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Winston Tubman, Edward Slanger, Archie Williams, Melvin Sogbandi & Others To Appear Before TRC
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Winston Tubman, Edward Slanger, Archie Williams, Melvin Sogbandi & Others To Appear Before TRC

(Oct 5, 2008) By: James Kpargoi, Jr.
Monrovia, October 5, 2008 (TRC): Former Justice Minister Winston Tubman, defunct rebel MODEL vice chairman, Boi Bleaju Boi and former Transport Minister Melvin Sogbandi are amongst several prominent Liberians to testify before the Truth and Reconciliation Commission of Liberia (TRC) next week. 

Mr. Tubman, will be the first to testify Monday to be followed Tuesday by Mr. Archie Williams, Chairman of the Liberia Civil Aviation Authority. Mr. Williams participated in an abortive invasion on November 12, 1985 led by slain People’s Redemption Council (PRC) Commanding General Thomas Quiwonkpa to oust the government of President Samuel Kanyon Doe.  

General Melvin A. Sogbandi, then Chief of Staff of the Marine Division of the defunct National Patriotic Front of Liberia, will take the witness stand Wednesday and on Thursday General Bleaju Boi will testify before commissioners of the TRC.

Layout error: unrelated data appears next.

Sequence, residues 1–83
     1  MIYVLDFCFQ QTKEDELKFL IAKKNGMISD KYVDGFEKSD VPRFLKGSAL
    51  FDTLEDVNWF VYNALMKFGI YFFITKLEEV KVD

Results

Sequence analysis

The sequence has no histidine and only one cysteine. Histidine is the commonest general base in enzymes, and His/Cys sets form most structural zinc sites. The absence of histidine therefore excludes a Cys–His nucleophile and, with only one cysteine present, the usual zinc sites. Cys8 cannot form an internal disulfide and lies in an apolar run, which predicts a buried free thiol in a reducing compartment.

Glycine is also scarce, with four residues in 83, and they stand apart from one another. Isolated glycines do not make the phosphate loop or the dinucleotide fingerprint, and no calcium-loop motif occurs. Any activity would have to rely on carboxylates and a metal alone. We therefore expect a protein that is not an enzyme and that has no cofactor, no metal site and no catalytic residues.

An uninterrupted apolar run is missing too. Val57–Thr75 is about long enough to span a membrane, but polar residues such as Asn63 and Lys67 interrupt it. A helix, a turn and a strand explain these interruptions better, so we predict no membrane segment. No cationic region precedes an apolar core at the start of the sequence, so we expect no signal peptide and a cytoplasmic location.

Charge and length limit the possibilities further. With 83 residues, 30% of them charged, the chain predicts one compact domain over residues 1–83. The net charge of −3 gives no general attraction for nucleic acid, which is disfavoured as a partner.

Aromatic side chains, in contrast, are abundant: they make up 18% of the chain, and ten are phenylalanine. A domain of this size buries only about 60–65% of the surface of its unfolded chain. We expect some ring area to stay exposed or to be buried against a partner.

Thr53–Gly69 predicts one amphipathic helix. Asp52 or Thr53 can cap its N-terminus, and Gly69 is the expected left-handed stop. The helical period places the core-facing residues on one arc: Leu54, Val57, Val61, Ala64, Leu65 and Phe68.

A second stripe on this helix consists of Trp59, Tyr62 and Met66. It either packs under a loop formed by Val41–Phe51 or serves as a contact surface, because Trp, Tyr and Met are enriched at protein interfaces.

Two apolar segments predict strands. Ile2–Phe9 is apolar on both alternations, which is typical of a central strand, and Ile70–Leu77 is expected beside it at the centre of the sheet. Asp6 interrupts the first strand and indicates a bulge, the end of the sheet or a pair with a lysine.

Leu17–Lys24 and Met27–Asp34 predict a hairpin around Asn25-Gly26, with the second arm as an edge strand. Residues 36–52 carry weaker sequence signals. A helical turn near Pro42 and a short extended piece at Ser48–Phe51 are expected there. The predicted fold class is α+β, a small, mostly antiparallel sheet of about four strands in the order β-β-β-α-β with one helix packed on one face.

Businessman Edward Slanger, will climax the hearings for the week with his appearance on Friday. Mr. Slanger, a former officer of the AFL reportedly captured and killed former commanding general Quiwonkpa following the November 12 abortive invasion. 

Their appearance is part of the ongoing “Contemporary History of the Conflict (1979-2003)” Institutional and Thematic Inquiry Hearings of the Commission at the historic Centennial Memorial Pavilion in Monrovia. 

Under the theme: “Understanding the Conflict Through its Principal Events and Actors,” the ongoing hearings are addressing the root causes of the conflict, including its military and political dimensions. 

The hearings are focused on events between 1979 and 2003 and the national and external actors that helped to shape those events. 

The TRC was agreed upon in the August 2003 peace agreement and created by the TRC Act of 2005. The TRC was established to “promote national peace, security, unity and reconciliation,” and at the same time make it possible to hold perpetrators accountable for gross human rights violations and violations of international humanitarian law that occurred in Liberia between January 1979 and October 2003. 

 

 

 

 

 
 
 
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